Low-budget historical program is one of the foundations of these separatist channels. One of the leading TV channels, Yakov Dzhugashvili, is the grandson of Stalin. He admires the late dictator and considers his “duty to expose the anti-Stalinist and anti-Soviet lies.” Dzhugashvili does not mention either the Great terror or the Gulag, extolling Stalin as a man who “served others”.

Another local expert on the history is another TV show in which he used models of tanks and soldiers, to demonstrate the heroic feat of the so-called Panfilov, whose story has become one of the most prominent Soviet legends, though the publication of secret documents in 2015, finally dispelled this myth.

The quality of these programs is extremely low, and their leading show quite a controversial reading of history. But their message is clear: your ancestors fought the Nazis, and you have to continue this fight today. That is, they are trying to turn the past into a weapon.

“Propaganda, based on the image of fascism, is an extremely effective technique, and it has long influenced the public opinion in Russia, said Kristin Roth-EY (Kristin Roth-Ey), Professor of Russian history at University College London, specializing in Soviet culture and media. — It’s not a mindless atavism. They know it works.”

Moreover, the limited information content and the regular repetition is also very similar to the program of the Soviet television. The regular repetition allows you to create “dominant symbols”, which have an impact on and allow you to use — the “cultural memory” of the population, says Katerina Khinkulova specializing in media of Donbass.

Presentation of the Ukrainian militia leaders is a much more “Soviet” than with the presentation of the President of Russia Vladimir Putin. Journalists are often shown as the leader of Luhansk, Igor Plotnitsky holds meetings with his Ministers and publicly criticized them sitting on the background of the national flag of the people’s Republic, which depicts the sun’s rays, ears of wheat and a red star.

Russian television also sometimes shows how Putin scolds his assistants, but he is the person with which the Russians are much easier to identify themselves.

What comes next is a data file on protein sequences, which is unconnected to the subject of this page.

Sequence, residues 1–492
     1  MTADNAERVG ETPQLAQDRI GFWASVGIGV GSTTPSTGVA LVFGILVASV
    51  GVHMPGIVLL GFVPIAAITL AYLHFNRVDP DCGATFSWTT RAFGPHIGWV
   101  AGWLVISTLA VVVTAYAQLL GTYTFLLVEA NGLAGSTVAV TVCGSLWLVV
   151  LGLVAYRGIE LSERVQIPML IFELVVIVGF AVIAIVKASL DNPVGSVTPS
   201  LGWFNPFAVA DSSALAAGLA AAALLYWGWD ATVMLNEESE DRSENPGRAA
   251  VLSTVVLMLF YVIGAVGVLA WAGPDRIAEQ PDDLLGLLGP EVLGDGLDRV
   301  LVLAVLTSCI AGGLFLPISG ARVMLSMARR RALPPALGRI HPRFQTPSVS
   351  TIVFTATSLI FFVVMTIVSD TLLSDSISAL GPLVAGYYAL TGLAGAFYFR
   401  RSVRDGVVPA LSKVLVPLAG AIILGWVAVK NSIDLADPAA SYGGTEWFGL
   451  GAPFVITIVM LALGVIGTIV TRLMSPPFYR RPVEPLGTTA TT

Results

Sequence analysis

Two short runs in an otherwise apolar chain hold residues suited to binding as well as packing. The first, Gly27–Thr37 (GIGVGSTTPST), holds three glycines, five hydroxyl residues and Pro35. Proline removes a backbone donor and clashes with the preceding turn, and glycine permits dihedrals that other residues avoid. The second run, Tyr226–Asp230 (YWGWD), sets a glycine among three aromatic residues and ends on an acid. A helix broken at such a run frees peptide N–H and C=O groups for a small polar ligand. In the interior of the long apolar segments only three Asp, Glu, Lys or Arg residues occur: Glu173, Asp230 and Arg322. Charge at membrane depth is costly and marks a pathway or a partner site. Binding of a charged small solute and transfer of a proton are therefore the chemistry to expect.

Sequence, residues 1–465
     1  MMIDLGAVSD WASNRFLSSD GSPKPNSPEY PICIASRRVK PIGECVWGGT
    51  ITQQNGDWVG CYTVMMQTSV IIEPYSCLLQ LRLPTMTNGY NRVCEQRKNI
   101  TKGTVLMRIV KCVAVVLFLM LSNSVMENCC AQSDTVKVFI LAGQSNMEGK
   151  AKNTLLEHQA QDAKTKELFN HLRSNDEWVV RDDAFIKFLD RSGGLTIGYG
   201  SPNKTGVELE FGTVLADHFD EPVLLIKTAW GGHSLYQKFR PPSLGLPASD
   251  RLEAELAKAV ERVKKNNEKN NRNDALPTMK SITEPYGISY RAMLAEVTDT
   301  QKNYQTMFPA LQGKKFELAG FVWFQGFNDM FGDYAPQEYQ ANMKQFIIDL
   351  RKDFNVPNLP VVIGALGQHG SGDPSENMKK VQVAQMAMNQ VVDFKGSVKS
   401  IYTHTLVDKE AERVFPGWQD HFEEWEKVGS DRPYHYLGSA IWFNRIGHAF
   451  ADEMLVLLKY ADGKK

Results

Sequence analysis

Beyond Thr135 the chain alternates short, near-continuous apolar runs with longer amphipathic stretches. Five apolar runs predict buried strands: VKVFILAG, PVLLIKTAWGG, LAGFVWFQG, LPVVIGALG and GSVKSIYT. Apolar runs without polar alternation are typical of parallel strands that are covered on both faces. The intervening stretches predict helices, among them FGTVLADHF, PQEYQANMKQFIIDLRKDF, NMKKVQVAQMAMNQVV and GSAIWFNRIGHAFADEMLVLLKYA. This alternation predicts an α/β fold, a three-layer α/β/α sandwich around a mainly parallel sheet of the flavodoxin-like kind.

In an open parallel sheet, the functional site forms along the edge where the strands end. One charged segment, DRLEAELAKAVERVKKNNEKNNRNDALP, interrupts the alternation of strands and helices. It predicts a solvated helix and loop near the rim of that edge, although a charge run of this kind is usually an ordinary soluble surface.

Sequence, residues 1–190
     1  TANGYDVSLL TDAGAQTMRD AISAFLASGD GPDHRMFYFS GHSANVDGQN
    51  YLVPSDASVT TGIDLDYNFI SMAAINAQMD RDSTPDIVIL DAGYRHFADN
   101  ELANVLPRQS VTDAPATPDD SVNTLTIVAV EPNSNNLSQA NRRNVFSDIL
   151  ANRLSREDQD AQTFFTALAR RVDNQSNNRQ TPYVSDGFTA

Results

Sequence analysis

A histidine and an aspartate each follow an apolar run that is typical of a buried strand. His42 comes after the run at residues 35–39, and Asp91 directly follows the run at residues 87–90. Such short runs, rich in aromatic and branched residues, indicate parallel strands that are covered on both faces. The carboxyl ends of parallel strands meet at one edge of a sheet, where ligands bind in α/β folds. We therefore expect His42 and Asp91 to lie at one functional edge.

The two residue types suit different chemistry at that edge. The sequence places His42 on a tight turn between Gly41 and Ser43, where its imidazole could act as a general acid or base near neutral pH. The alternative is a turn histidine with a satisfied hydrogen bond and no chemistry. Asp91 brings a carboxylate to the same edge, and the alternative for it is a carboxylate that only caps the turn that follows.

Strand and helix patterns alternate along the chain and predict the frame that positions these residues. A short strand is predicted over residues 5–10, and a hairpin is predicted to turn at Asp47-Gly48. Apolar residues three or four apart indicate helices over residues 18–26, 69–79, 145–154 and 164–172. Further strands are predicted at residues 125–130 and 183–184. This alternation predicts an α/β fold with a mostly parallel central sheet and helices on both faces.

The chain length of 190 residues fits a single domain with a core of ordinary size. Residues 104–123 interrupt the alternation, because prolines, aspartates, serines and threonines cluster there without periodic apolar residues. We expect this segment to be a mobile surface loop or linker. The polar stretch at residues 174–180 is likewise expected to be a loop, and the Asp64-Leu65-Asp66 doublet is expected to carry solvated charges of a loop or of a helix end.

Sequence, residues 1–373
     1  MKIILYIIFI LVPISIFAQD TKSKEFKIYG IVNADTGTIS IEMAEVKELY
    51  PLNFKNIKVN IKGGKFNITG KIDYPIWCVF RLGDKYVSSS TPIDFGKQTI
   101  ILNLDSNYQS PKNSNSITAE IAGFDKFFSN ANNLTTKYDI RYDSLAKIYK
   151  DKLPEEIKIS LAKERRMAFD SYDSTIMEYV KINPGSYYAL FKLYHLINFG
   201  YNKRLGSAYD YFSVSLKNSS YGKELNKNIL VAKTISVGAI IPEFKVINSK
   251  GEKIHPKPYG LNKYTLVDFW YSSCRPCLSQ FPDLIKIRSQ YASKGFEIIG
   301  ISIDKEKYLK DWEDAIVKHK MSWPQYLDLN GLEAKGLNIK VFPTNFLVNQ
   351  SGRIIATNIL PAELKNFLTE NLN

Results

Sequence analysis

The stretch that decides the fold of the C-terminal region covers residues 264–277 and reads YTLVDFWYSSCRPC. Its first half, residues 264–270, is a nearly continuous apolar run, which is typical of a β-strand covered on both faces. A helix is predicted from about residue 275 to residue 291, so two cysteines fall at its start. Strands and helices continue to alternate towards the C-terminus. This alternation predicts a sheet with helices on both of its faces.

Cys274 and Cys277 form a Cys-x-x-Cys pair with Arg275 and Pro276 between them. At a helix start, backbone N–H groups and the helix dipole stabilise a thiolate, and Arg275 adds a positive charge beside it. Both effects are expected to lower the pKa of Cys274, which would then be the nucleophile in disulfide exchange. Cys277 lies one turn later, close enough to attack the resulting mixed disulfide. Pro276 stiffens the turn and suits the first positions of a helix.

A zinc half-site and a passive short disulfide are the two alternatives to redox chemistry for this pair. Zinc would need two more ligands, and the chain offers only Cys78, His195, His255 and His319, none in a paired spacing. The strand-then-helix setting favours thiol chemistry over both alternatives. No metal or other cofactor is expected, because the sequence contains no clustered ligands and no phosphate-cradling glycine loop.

“Putin is a kind of form of entertainment, consumer product, — said Roth-EY. — Remember the photos of Putin shirtless. In Soviet times no one even had not occurred to do of Brezhnev and Khrushchev sex symbols”.

Soviet Union was famous for its sports parades and high skill gymnastics. Socialist realism promoted heroic images, from resilient youth movement “Komsomol” to the team spirit of the athletes. Although the scale of the images Donetsk separatists concede Soviet predecessors, they promote very similar ideals.

One March report on local television was dedicated to a group of young people who do Jogging in the streets, calling to abandon the use of alcoholic beverages while waving separatist and Communist flags — time-tested tactics reinforcement of patriotism appeals to the physical purity.

Styling also returned drummers — as in Soviet times called the workers, who demonstrated extraordinary performance. The war destroyed the economy of the East of Ukraine, but the separatist-controlled farm and industrial companies regularly boast of their performance and ability to exceed performance standards. If you believe the local media, the authorities of the separatist regions has provided pensioners thousands of tons of free coal and managed to produce enough food in Donetsk even started to produce mozzarella cheese.

Such reports aim to lift the spirit, creating the illusion of self-sufficiency and the revival of industry. In reality the separatist East of Ukraine can not exist without the support of Moscow. (Russia even promised to provide the region with electricity, after Kiev stopped its supply due to debt.)

Nostalgia for the past is bordered by semicarinata. In the Donbass it took the form of “a strange compilation of historical memory”, as said Alexander Clarkson (Alexander Clarkson), Professor king’s College London. “Putin’s media machine chooses the pieces of the history of Soviet and tsarist Russia, which may be useful for the promotion of the ideology of the authorities at a particular point, and then exaggerates their significance by means of modern media technology to make a lasting impression on the audience.”